The Benchijigua Express was Austal’s first Trimaran–and it is now doing good work for the Canary Islands. The trimaran I’m talking about is a currently unsold follow-on model that is moored in Australia someplace. The aussies do a lot more than we give ’em credit for in the South Pacific. Their amphbibs have conducted NEO evacuations, they’ve done yeoman service in stability ops and crisis response–and that, I think, is where we’ll be seeing the LCS/JHSV doing some good work–the low threat contingency ops. That’s where the trimaran could be extremely useful.

It could certainly do some interesting experimental work in any one of the number of multinational exercises out there–do some proof-of-principle stuff and maybe make the Navy think harder (or differently) about how it intends to employ their LCS. (I think, sometimes, we put institutional blinders on…)

I get you about the actual conflict–yeah, it’s what actually forges warship design. I get it. But we will just have to wait until some minor power gets into a dust-up to learn what works. And if the Aussie employment of the trimaran increases the chance that these plaftorms will actually get into the third-tier navies that actually face a good chance of getting into a naval dust-up, then I’m all for it!

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CapnVan January 17, 2011 at 1:50 pm

Craig,
I don’t know nearly enough about Australian operations to comment meaningfully. But I’m wondering where they’d be able to operate the Benchijigua Express to get a full sense of its capabilities and limitations?

I’m thinking of the deployment of the Carl Vinson to Haiti after the earthquake. While that was certainly helpful, and a legitimate use of a military asset, it didn’t really tell us much about whether current CVN design is effective.

IIRC, the Aussies still have a mission in East Timor, but I believe the situation there has calmed so much that they can probably use commercial vessels for anything required. They have (or did have) troops in Iraq and Afghanistan, but again, nothing that would particularly require an amphib to support.

Of course, operational use will offer a solid dose of reality, but, without an actual conflict (not that I’m hoping for that!), isn’t it impossible to get to the bottom line?

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Craig Hooper January 17, 2011 at 2:07 am

Also I don’t think the cat would be a good replacement for RFA Argus. That ship just got refitted, right? It’s ready to operate out until 2020, I think. It’s also been modified to serve in the casualty-receiving role…a role that, I suspect, would be prohibitive for the financially-pinched Royal Navy.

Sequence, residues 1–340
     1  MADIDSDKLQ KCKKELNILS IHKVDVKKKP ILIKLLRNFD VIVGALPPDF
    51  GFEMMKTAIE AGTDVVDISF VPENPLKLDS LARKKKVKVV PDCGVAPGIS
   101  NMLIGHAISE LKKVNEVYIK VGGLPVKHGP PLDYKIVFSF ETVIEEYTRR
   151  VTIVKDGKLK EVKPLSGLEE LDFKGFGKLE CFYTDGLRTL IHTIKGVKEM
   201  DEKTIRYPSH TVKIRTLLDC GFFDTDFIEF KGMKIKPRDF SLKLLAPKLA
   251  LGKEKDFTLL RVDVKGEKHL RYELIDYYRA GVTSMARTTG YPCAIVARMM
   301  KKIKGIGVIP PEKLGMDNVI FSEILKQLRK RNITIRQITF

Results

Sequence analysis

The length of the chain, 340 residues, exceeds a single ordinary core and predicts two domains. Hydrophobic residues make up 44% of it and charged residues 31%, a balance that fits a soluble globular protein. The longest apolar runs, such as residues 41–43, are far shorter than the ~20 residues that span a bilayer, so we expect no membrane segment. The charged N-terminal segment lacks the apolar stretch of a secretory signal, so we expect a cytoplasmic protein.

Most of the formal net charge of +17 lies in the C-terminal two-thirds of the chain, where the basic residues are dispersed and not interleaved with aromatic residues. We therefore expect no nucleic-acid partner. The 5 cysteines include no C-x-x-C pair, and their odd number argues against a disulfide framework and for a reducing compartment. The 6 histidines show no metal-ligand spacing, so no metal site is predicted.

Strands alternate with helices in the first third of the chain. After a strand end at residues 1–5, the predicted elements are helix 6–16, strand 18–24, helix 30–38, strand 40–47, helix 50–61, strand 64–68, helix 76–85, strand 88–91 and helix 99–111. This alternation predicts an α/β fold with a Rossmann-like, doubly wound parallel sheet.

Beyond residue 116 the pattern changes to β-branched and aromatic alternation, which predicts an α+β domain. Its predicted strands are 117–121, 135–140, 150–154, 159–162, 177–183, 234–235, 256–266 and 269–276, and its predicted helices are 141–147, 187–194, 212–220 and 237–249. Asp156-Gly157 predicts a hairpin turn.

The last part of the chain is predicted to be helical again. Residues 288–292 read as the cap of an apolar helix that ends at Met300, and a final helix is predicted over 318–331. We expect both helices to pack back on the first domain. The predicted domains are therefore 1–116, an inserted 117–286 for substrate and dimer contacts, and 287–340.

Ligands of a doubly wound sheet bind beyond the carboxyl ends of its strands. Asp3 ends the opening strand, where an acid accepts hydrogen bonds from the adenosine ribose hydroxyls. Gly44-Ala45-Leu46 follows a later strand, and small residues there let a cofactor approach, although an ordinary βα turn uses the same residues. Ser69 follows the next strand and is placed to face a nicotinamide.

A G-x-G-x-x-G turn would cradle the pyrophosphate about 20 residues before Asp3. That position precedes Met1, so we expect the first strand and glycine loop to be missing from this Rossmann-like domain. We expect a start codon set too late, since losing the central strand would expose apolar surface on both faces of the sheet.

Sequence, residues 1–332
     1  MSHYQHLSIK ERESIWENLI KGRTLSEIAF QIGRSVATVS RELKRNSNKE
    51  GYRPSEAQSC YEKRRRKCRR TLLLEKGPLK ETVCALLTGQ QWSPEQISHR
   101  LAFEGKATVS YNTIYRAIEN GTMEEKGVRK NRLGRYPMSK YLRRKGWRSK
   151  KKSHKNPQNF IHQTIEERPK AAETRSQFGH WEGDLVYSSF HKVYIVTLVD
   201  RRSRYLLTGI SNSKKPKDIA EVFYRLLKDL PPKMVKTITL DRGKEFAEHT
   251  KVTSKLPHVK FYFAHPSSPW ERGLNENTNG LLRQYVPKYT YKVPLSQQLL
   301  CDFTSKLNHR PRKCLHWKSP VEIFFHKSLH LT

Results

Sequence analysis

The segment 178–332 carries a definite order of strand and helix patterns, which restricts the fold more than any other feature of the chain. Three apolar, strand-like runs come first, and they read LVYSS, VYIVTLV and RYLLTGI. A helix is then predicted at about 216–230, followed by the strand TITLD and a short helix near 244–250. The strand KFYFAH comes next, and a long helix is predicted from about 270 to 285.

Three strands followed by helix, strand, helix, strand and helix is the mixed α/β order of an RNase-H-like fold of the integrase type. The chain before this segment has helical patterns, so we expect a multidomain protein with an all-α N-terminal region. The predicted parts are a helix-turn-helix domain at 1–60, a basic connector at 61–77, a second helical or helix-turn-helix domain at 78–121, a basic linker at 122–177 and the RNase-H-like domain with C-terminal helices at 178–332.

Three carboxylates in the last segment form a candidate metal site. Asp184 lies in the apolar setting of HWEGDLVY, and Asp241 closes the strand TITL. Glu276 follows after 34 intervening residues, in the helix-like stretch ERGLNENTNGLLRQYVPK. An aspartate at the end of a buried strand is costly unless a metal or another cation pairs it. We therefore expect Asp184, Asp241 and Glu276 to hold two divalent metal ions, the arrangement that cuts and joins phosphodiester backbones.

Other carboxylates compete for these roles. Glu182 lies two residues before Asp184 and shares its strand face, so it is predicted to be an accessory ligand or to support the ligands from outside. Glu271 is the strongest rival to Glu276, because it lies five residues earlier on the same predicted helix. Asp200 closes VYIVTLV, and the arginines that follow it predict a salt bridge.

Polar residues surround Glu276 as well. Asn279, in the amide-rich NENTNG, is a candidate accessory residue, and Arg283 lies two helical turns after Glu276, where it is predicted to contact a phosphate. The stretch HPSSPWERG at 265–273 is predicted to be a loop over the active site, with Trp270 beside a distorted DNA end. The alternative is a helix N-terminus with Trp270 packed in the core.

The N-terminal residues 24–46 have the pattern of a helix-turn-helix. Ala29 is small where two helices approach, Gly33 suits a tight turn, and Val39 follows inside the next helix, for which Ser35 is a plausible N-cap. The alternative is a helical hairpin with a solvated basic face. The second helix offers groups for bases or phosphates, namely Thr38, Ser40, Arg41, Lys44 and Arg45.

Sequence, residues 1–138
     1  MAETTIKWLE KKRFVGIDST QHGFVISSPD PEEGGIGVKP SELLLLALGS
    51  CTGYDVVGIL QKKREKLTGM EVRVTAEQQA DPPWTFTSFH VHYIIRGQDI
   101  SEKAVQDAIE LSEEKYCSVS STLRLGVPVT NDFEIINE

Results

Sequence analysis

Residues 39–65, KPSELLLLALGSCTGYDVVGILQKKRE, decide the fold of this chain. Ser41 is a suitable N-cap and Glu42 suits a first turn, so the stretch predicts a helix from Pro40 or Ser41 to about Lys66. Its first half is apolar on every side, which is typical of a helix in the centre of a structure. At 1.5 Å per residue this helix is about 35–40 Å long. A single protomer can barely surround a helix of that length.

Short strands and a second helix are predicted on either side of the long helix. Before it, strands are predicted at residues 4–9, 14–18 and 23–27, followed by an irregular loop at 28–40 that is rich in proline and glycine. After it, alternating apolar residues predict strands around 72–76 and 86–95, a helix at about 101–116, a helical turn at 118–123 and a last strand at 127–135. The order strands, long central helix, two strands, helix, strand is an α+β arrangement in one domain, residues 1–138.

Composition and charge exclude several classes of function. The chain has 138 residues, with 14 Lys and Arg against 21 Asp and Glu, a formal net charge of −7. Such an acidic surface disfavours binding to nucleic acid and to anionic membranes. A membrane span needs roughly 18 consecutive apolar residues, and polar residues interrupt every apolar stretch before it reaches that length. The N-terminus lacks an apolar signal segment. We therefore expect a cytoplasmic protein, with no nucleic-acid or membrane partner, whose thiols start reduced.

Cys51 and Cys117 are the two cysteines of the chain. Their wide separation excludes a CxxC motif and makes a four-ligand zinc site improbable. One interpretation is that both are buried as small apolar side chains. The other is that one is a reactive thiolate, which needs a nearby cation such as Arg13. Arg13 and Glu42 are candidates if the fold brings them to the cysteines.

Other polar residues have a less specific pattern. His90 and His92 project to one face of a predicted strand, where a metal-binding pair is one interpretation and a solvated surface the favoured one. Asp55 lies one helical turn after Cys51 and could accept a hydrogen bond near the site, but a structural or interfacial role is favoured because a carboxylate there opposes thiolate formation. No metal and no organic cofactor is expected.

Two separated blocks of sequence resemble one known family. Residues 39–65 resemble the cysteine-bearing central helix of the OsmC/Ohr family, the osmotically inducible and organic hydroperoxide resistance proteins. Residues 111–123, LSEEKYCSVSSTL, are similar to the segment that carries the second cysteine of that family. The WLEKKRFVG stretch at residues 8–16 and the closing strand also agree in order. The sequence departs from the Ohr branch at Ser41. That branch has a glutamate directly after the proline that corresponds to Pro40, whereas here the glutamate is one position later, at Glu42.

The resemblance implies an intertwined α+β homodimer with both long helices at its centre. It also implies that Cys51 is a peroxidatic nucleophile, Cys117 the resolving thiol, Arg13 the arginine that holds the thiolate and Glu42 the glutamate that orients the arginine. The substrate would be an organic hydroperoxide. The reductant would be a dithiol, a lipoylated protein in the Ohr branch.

The cat would be a perfect speedy truck to support crisis-response in the Southern Pacific. Unlike Briton, Australia has an array of amphibious challenges within easy steaming range. the UK does not, so, I think the inherent utility of a ferry-like vessel would be lost. The cat is a ship perfect for the South Pacific.

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Craig Hooper January 17, 2011 at 1:00 am

They’ve had plenty of time to test; having a paying customer for their first trimaran didn’t stop Austal from running that ship through a long series of trials.

Still like the idea of an LCS-lite option that, while sharing several components of the LCS, might be focused on being a truck for theatre transport.

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Philbob January 15, 2011 at 9:11 pm

Perhaps they are still testing it the prototype out which might be why they havent been pushing it for sale.

The RN should also be intrested in it. Such a vessel could possibly replace the Argus.

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Craig Hooper January 15, 2011 at 6:22 pm

Austal should have been pulling out all the stops when the ex-US LSTs were sidelined in October 2010. I have seen no evidence–nothing written, no new PR, no thinktank studies to even broach the Aussie Navy’s employment of the trimaran.

It is deeply perplexing–a quick move from the Aus. Navy to announce the trimaran’s employment in Oct might have really boosted Austal’s LCS bid. A vote of confidence now would pay handsome dividends even today. Who knows how much of a discount they could get it, too? By now the company must be desperate to get that thing out of the yardand working someplace.

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Philbob January 15, 2011 at 4:25 pm

Austal is way ahead of you. Sadly there are no takers.

http://austal.com/index.cfm?objectID=EF7F569E-65BF-EBC1-20E3B56690B0C443